House in Moscow or the images of the tanks rolling down the streets of that city, these incidents

might have to be linked to interpretations concerning the state of the political order at the time. For

instance, these events indicated the fragility of the new regime, which was also visible in the

struggle between parliamentary and presidential authority, embodied by Parliament Spokesman

  For a philosophical account of constitutive rules see John Searle, The Construction of Social
Reality (Harmondsworth: Penguin, 1995).

Ruslan Hasbulatov and war hero Aleksandr Rustkoy on the one hand, and President Yeltsin on the

other hand. The transformations under way led to contradictions between a constitution dating the

Soviet times and a new political reality.

                One of the problems a political theory of the sublime faces is the lack of metaphors

that adequately describe political transformations. Interpreting the Fall leads us to a series of

aporias. To what degree can this event be an event in the first place, as it is, paradoxically, still

taking place? It was never a Fall in the strict sense of the term, either, although the metaphor of the

Fall enables us to grasp some of the event‟s complexity through a religious metaphor. Similarly,

calling it a historical process minimizes the sudden, violent impact it had on the individuals living

it, and the destabilizing effect it has had on our understanding of politics and habits of thinking. The

collective aspect of the “event” is underlined by the fact that nobody saw it coming or, if somebody

did, that nobody took it seriously. Finally, the crumbling of the former Soviet system continues to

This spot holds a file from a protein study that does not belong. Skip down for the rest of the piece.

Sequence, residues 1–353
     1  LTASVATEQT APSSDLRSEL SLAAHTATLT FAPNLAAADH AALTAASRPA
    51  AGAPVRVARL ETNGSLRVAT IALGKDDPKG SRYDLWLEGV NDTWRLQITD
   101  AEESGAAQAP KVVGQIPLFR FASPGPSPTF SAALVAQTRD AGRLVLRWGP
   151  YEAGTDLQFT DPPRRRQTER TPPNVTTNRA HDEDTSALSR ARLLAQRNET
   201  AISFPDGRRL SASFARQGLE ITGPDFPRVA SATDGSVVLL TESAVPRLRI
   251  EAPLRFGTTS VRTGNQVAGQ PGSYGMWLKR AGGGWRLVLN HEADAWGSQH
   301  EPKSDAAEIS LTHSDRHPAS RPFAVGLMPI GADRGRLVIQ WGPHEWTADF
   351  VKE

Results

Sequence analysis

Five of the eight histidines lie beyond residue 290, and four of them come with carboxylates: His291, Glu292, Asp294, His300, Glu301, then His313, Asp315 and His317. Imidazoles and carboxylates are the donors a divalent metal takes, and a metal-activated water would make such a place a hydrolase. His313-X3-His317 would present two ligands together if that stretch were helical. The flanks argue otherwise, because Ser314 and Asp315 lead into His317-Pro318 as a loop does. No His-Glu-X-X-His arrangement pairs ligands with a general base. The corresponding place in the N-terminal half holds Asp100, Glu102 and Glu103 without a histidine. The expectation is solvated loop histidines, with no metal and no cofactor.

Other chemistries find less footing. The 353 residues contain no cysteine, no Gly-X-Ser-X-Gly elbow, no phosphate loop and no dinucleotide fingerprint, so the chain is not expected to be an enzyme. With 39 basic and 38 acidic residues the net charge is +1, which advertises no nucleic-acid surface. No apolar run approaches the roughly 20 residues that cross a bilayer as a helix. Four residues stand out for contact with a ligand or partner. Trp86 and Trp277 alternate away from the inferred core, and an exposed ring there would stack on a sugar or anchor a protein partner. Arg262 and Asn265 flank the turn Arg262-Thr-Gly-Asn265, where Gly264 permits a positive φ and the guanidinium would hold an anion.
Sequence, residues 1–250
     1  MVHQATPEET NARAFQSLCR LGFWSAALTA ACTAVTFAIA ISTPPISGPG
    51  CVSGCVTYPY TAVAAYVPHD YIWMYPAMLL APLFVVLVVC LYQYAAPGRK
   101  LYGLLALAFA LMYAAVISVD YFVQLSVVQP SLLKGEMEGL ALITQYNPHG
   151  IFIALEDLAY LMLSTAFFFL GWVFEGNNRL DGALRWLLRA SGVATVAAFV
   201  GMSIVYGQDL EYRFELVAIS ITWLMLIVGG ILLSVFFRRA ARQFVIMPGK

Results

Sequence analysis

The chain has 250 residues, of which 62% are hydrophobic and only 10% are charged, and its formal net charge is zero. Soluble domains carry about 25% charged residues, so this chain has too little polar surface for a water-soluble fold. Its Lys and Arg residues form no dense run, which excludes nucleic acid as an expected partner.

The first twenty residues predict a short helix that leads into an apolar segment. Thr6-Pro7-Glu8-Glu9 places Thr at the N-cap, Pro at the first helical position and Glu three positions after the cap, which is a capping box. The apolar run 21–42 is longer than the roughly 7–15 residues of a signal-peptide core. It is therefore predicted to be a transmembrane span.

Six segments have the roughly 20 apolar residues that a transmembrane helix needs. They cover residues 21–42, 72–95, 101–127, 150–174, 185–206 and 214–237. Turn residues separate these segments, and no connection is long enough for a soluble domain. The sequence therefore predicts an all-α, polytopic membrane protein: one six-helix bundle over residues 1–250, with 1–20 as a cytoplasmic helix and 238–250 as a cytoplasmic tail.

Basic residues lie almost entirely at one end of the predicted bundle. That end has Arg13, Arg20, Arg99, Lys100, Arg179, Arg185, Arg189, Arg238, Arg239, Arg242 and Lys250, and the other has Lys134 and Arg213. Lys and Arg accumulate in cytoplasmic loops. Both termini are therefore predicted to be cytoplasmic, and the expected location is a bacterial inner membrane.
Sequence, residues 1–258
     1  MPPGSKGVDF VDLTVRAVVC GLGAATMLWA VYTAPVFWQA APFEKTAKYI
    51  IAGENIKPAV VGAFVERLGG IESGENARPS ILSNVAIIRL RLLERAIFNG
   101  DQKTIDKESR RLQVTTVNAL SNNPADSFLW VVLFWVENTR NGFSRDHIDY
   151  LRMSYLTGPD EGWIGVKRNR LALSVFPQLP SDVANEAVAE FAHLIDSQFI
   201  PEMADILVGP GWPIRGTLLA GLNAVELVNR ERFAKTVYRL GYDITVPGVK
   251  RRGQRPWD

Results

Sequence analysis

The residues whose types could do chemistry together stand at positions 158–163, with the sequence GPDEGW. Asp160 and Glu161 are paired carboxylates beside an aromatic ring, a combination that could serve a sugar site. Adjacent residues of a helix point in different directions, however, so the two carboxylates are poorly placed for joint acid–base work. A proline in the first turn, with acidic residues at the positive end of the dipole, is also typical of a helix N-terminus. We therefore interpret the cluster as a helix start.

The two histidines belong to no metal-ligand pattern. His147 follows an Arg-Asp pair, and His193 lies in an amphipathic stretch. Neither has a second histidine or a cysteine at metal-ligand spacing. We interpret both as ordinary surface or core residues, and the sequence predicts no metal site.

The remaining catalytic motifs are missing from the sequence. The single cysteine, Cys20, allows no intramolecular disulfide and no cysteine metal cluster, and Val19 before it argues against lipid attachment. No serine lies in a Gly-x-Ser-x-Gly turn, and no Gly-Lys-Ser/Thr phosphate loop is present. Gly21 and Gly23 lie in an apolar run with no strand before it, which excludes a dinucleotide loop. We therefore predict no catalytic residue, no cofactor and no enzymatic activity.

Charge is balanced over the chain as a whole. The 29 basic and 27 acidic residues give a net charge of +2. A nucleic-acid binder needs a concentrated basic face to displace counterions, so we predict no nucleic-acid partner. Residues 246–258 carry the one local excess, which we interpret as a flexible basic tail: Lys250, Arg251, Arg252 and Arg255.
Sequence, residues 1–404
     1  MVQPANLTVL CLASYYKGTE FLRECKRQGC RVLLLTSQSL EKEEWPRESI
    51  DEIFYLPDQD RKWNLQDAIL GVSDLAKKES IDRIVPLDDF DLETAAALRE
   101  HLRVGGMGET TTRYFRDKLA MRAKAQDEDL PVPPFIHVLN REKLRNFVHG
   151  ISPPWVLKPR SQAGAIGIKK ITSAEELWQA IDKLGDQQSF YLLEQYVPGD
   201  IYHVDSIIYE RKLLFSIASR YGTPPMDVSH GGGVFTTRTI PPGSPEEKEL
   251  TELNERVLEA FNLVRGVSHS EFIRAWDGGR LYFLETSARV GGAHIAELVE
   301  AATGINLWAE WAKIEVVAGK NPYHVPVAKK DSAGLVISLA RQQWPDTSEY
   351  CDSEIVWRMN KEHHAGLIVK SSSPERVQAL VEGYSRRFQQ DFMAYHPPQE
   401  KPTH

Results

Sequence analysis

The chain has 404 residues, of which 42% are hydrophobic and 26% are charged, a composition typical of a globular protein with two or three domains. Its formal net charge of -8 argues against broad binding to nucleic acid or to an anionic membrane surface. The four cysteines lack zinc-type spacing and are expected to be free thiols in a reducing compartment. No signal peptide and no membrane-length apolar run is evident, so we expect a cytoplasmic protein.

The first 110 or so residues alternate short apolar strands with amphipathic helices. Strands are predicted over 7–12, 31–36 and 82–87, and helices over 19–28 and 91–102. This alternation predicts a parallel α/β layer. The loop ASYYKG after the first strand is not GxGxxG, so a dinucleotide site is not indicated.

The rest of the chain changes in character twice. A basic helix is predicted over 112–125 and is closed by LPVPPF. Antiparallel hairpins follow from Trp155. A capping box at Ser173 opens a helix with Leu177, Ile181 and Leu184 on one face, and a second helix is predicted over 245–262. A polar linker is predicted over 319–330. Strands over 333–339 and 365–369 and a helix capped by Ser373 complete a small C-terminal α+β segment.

have incalculable political, economic and symbolic effects. Perhaps the Fall was no fall at all.

Perhaps it was just a stumble.

In conclusion

Sublimating the fall of the Soviet Union into a single, physical event and analyzing this process

through the apocalyptic lens provided by images of physical destruction prevent us from analyzing

the links between the physical event and the symbolic universes through which we interpret them:

the front stage and the back stage to use Erving Goffman‟s terms. Giving priority to an aesthetic

theory of the sublime reinforces an individualistic and psychological interpretation of historical

encounters which is disconnected from deeper and more gradual historical developments. It also

prioritizes the media discourse that lives on this disconnection and the Big Bang theory that

attributes to violent actions ontological superiority and performative efficiency compared to the

modest and weak routines of the ontic Lebenswelt. Exceptional events are seen as causes rather than

effects. Through this political act par excellence, aesthetic theory separates the sublime (aesthetics)

from terror (politics), what is kept at a distance from what comes physically too close. Through this

split it simplifies to an extreme the complex individual and collective modes of engagement within

the world. Furthermore, aesthetic theory elevates to the status of theoretical a priori sublime

pleasure as derived from extreme experiences that are exceptional and often inexplicable. Via this

detour, aesthetic theory legitimizes and normalizes violence and political atavism (the infancy of

humanity reflecting the true, unchanging nature of human beings, for instance).

              From the perspective of a constructivist political theory of the sublime, what should

awaken our awe and wonder are not the seemingly revolutionary effects of an isolated event, but

rather the relative stability of the political world in which we live. In the case briefly studied here,

imperialist reflexes still condition Russian foreign policy, adaptive reflexes those of Finnish foreign

policy. Finnish attitudes toward Russia and Russian attitudes toward Finland form the invisible

structural basis upon which observers and participants format visually powerful events. Although

the mutual non-aggression pact and, more generally, the symbiosis between Finland and the USSR

significantly modified the image Finns had of themselves and of their eastern neighbour,

Russophobia and traditional images of Russia have not disappeared. They have merely taken

different forms. This invisible and familiar mental infrastructure and its routines are relatively stable

due to the regularities that the constant symbolic interaction between the parties creates and

sustains. In Taoist dialectics the weak are strong, what is small is large, and the ordinary is sublime.